Concrete Co. Faces Claim That Mixer's Crash Into Big Rig Ended Trucker's Career, as GA Trial Opens

Posted by Arlin Crisco on Apr 25, 2022 4:11:58 PM

concrete mixer

Stock image. 

Atlanta, GA— Whether a 2016 big rig crash ended a Georgia trucker’s career, and the reaction of another trucker to his post-crash drug testing were key issues Wednesday as a damages trial opened against a concrete supplier and one of its drivers. Love, et al. v. Ready Mix USA, LLC, et al., 18EV003461.  

David Love was stopped in his flatbed tractor-trailer on Georgia’s I-85 when he was struck by a Ready Mix USA concrete mixer driven by Tony Hampton. Love, who was 38 and transported props and vehicles to movie sets at the time of the crash, says the wreck left him with long-term post traumatic stress disorder as well as back and neck injuries. 

During Wednesday’s openings, Love’s attorney, Fried Goldberg’s Joseph Fried, said the PTSD has caused a range of psychological fallout that robbed Love of his ability to drive big rigs and return to a well-paying job that he loved.  

“This is a guy who used to say that the inside of a tractor cab was ‘my safe place…. I could just go sit in my cab and the world was OK,’” Fried said. “Now he can’t do that anymore. It’s not his safe place anymore.”


Fried said he’ll request more than $3 million in economic damages alone, as well as damages for pain and suffering and punitives. In support of the punitive claim, Fried said Hampton failed to produce a valid, unmonitored urine sample to test for drugs following the crash, refused to produce a “monitored sample,” then tried to bribe the testing agent to pass him on the test.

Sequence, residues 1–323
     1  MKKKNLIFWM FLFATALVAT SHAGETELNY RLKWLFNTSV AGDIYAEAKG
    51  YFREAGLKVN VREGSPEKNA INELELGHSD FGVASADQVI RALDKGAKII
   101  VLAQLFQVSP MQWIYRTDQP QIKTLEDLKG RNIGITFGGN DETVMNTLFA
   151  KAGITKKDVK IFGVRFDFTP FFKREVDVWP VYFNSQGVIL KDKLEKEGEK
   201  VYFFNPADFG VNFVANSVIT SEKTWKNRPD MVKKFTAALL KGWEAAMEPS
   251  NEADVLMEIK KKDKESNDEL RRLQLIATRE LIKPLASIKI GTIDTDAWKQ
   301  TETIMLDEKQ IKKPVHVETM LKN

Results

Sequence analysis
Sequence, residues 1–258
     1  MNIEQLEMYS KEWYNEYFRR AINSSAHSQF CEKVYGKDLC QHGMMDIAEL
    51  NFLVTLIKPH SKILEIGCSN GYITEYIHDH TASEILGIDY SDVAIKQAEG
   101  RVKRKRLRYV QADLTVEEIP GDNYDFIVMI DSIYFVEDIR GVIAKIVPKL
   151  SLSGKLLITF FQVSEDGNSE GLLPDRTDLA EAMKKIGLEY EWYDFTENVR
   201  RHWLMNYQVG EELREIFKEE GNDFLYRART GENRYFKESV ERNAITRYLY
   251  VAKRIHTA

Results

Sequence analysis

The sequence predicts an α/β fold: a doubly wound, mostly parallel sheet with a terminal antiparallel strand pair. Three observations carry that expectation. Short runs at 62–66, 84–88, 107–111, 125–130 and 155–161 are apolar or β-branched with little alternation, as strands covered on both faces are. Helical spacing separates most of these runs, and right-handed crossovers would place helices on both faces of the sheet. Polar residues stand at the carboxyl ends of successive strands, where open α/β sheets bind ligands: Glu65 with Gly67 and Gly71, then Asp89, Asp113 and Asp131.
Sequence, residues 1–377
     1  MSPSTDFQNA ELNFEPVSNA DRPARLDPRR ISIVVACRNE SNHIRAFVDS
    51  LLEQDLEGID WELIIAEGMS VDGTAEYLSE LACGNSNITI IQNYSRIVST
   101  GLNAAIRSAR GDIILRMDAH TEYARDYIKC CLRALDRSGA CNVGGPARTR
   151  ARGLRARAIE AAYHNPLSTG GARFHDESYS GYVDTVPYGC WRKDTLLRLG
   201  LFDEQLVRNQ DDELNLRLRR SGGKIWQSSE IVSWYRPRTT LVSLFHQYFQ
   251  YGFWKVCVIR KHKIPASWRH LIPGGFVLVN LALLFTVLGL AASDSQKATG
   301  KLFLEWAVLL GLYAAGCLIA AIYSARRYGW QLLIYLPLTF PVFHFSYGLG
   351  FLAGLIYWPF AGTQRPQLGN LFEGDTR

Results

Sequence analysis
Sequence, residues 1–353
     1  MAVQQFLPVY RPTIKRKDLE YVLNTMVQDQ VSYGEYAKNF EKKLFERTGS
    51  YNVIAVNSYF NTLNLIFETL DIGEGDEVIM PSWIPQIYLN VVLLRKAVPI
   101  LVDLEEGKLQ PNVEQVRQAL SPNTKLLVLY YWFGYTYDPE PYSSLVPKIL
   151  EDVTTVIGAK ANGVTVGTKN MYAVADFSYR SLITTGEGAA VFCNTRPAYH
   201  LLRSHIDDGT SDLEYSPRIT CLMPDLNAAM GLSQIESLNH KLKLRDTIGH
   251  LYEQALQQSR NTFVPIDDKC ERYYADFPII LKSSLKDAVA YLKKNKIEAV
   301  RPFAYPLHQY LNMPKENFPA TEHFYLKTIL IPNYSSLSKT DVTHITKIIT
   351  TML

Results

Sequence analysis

Hampton contends that he was not under the influence of drugs at the time of the wreck and denies claims that he tried to bribe the testing agent. During Wednesday’s openings, Hampton’s attorney, Strott & Dillon’s Peter Strott, told jurors that police and others who spoke to Hampton after the accident did not believe he showed signs of being on drugs. And Strott said Hampton refused to submit to a monitored test because he considered it dehumanizing. 

“He didn’t refuse a drug test. He refused to do a second test [while] being watched,” Strott said. “It had been a long day [and] he was distraught.”

Meanwhile, Ready Mix challenges Love’s claim that the crash caused the injuries he describes. During Wednesday’s openings, David Cooney, of Cooney Trybus Kwavnick Peets, said Love’s medical records were inconsistent with his claims of post-accident injuries. And Cooney noted Love had undergone regular chiropractic treatment for neck and back problems before the wreck. 

Cooney also criticized the conclusions surrounding Love’s PTSD diagnosis, while adding that Love had failed to fully follow through on recommended psychological treatment.

“He didn’t do anything to try to get better [from] the problem that supposedly is preventing him from [returning to trucking] and preventing him from having a happy family life, preventing him from being the man that he says he used to be,” Cooney said.

The case is expected to go to the jury later this week. CVN is covering the trial gavel-to-gavel and will offer video on demand to subscribers after the trial’s conclusion. 

Email Arlin Crisco at

Related information

Not a subscriber?

Learn how you can access an unrivaled trial video library.


Topics: Georgia, Transportation, Trucking